There’s variety in Rodriguez’s set-piece armoury too. After eight minutes, the 32-year-old sent a wicked free-kick careering towards goal, only for it to glance off the crossbar and out of play. It’s a shame it was overshadowed by Raphinha’s effort barely five minutes on.

Then, from a crossing position, he suddenly switches technique; quickly closing his body to try to catch Alisson out. Of course, he very nearly did.

Even if he has lost a yard of pace, Rodriguez always feels like he’s a step ahead. Drifting around behind the two strikers – doing, essentially, whatever he likes – he makes this excellent Colombia side tick.

Thom Harris


How will Brazil cope without Vinicius Jr?

Four Brazil players were walking a disciplinary tightrope at kick-off and it did not take long for one of them to fall off it. There were just six minutes on the clock when James Rodriguez flicked the ball over the head of Vinicius Jr in midfield and collapsed in a heap. Vinicius looked flabbergasted when referee Jesus Valenzuela produced a yellow card — one that means he will now be suspended for Brazil’s quarterfinal date with Uruguay.

His absence is clearly a big deal. Vinicius is not just an excellent player; he is increasingly seen as this side’s talisman, the man teammates and fans look to when the going gets tough. His importance has only been accentuated by the indifferent form of Rodrygo, his Real Madrid colleague, who again struggled to make much of an impression here.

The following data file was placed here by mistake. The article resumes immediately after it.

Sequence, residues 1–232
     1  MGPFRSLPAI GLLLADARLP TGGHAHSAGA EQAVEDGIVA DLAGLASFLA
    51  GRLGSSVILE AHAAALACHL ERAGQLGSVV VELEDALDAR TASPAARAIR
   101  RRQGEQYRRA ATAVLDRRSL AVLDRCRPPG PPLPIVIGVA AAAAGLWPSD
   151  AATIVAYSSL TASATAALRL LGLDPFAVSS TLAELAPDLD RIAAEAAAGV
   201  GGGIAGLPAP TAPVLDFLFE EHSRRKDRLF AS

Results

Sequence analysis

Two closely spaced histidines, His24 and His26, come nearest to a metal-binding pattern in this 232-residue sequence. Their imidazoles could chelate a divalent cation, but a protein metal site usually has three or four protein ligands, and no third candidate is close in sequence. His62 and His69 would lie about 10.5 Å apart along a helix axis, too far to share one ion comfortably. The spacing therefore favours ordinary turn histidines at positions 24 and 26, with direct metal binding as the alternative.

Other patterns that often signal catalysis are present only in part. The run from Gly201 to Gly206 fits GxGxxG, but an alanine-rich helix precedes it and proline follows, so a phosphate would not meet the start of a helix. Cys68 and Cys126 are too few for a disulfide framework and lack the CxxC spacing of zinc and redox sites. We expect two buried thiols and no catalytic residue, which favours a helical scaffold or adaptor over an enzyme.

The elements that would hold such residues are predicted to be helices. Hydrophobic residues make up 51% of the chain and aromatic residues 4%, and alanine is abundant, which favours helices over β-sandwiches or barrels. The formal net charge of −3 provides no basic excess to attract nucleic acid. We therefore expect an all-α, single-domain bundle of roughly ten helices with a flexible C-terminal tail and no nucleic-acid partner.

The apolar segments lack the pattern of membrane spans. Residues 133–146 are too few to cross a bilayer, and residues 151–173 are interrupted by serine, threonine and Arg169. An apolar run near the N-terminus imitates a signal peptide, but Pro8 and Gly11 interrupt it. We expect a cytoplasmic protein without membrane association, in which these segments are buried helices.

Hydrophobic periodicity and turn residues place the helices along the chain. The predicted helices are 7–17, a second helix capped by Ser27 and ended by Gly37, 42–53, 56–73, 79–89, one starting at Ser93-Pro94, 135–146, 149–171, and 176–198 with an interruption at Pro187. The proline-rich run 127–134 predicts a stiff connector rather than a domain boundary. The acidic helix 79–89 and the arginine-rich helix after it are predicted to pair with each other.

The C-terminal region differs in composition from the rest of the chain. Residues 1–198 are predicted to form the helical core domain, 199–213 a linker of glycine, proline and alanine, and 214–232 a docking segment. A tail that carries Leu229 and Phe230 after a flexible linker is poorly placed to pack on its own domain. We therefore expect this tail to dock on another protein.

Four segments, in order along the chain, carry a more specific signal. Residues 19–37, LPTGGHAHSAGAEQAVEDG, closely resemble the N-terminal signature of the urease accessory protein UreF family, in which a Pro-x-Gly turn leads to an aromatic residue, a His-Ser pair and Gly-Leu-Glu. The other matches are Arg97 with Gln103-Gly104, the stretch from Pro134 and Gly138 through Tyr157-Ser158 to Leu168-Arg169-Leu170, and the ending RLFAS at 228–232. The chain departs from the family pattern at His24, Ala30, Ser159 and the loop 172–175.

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Vinicius Junior reacts after receiving a yellow card. (Photo: Ezra Shaw/Getty Images)

Dorival Júnior, then, has some tough calls to make. One option is to shift Rodrygo out to the left and play Endrick through the middle. Alternatively, there are few natural wingers that could swap straight in. Gabriel Martinelli and Pepe both enjoy playing on the left, but the most likely stand-in is probably Savinho, who did well in Brazil’s first two matches.

No single option is perfect. Rodrygo doesn’t offer the same speed and penetration as Vinicius out wide. Martinelli is out of form. Pepe is untested. Savinho is left-footed, so that would require a rejig of Brazil’s attacking patterns. Decisions, decisions, decisions…

Jack Lang


What’s next for each team?

Colombia vs. Panama — Saturday, July 6 at 5:00 p.m. ET (State Farm Stadium, Glendale, AZ)

Uruguay vs. Brazil — Saturday, July 6 at 9:00 p.m. ET (Allegiant Stadium, Las Vegas, NV)


What did the managers say?

Brazil’s Dorival Junior on Vinicius’ ban: “It happens. It was an important game and I wasn’t going to rest anyone. We started the game very well. It was very strange, the booking. It was the first challenge of the game. But people say we have to learn to play without our big stars, so now is the time. In certain moments, we won’t have important players. We’ve already lost Neymar. It’s a moment for other players to step up.”

Colombia head coach Nestor Lorenzo on Jefferson Lerma’s yellow card, which will rule him out of the quarterfinal against Panama: “It could have been avoided. It’s something that we’ve talked about a lot, a lot with the team. It’s the bitter note we take from today. There are instinctive reactions that we have to control in a different way.”


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(Top photo: Ezra Shaw/Getty Images)